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Sanctioned Syrian Official Slams 'Tinned Food and Macaroni' Humanitarian Aid


FILE - Workers load humanitarian aid from the United Nations onto a plane for Syrian families in Arbil airport, about 220 miles north of Baghdad, Dec. 15, 2013. A key Syrian adviser criticized such aid Thursday.

FILE - Workers load humanitarian aid from the United Nations onto a plane for Syrian families in Arbil airport, about 220 miles north of Baghdad, Dec. 15, 2013. A key Syrian adviser criticized such aid Thursday.

A key adviser to Syrian President Bashar al-Assad rejected the need for urgent humanitarian aid for some besieged areas in Syria, while at the same time accusing the U.S. and its allies of keeping the country and the region mired in war.

"It's about time, please, that Western audiences be real, and look at our countries and see what we are suffering from," said Bouthaina Shaaban, a member of Assad's inner circle who was sanctioned by the U.S. Treasury Department in 2011.

"With every American intervention, with every Western intervention, with every terrorist intervention our countries are knocked 100 years back," she said.

Shaaban spoke Thursday — both in a prerecorded video and via Skype — during an event at the National Press Club in Washington sponsored by a mysterious two-year-old non-profit group called the Global Alliance for Terminating ISIS/Al-Qaeda (GAFTA).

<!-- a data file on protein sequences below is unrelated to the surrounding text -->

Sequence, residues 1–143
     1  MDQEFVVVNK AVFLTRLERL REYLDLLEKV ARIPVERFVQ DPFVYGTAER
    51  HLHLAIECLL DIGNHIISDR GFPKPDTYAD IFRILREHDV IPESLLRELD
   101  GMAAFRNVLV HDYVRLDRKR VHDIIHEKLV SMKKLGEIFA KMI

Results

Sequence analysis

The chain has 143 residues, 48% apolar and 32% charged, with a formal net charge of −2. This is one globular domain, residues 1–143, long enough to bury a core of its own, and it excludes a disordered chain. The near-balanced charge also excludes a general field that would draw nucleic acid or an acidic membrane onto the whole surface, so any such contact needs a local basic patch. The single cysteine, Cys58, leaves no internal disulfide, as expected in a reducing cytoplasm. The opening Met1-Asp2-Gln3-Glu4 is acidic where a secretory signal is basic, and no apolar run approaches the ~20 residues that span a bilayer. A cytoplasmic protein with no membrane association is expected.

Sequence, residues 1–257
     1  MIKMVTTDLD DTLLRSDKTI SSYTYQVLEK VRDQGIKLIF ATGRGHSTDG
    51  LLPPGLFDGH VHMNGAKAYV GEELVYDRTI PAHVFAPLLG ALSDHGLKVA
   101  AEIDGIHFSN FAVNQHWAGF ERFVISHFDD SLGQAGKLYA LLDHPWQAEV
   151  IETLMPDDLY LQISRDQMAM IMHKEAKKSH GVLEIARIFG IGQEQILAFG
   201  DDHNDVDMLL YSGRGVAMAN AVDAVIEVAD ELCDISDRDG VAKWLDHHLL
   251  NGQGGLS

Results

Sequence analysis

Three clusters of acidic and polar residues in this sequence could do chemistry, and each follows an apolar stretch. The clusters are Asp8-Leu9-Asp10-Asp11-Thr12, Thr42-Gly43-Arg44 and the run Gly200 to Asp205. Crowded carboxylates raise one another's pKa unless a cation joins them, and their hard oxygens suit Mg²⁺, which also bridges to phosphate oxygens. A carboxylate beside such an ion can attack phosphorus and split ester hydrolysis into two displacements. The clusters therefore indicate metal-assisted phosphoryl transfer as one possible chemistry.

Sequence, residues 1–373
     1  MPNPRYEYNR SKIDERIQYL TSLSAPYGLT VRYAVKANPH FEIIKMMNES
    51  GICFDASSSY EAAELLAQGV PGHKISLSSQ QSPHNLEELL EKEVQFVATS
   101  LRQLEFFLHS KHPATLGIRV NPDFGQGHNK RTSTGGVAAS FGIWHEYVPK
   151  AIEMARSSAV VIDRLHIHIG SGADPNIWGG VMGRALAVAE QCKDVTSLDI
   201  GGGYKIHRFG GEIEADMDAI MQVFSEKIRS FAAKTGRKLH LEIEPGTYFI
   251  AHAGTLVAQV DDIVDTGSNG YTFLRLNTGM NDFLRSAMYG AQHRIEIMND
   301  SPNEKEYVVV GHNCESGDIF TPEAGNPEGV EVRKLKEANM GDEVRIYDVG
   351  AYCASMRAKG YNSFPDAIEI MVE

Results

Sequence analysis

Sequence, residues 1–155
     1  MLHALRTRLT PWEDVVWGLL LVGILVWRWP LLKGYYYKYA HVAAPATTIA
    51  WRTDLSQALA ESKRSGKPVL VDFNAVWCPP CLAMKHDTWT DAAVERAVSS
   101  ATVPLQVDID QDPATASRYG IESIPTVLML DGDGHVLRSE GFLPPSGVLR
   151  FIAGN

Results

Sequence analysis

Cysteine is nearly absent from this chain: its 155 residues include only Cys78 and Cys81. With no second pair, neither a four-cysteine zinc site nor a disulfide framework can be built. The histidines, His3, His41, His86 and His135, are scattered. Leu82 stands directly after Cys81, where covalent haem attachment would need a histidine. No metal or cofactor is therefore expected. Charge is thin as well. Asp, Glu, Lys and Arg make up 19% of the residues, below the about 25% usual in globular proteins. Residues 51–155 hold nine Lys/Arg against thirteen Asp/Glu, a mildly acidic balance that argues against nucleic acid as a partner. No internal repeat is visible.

GAFTA said its goal was to help bring together any and all parties interested in "terminating" the Islamic State terror group and al-Qaida. But Shaaban used much of her time to criticize the U.S. and its allies, going as far as to deride the West's humanitarian efforts, saying the Syrian people "have never been used to eat tinned food and macaroni."

Dining on 'wild berries'

Later, during the Skype question-and-answer session, Shaaban rejected concerns about Daraya, a town outside the capital that has been without food aid for four years.

Bouthaina Shaaban, a key adviser to Syrian President Bashar al-Assad, is shown in her recorded video, which aired Thursday at an event at the National Press Club in Washington. (J. Seldin/VOA)

Bouthaina Shaaban, a key adviser to Syrian President Bashar al-Assad, is shown in her recorded video, which aired Thursday at an event at the National Press Club in Washington. (J. Seldin/VOA)

"I am the one living here, and I can tell you Daraya is producing peas and beans and food and wild berries that is enough for the entire city," she said. "Nobody is starving."

A United Nations convoy carrying some medicine and other non-food supplies reached the town Wednesday, though some U.N. and U.S. officials fear it will not be nearly enough for the 4,000 civilians trapped in the area.

"Airdrops or no airdrops, trucks on the road, this is something that is being discussed between the U.N. and the Syrian government," Shaaban said.

"These are our people in Syria and we are trying our best with the U.N. representative here to try and find the best way to make all medicine, all food reach every single citizen," she added.

World not fooled

Assad's adviser saved some of her sharpest criticism for U.S. allies in the region. She accused Saudi Arabia, Turkey and Qatar of financing terrorists and working to sabotage the Cessation of Hostilities agreement. And she claimed Turkey has sent 8,000 terrorists across the border to destabilize Syria.

"There's no such thing as moderate opposition," Shaaban said.

At times, the question-and-answer session became confrontational with activists in attendance yelling at Shaaban, interrupting her as she tried to talk. At one point, organizers called for security.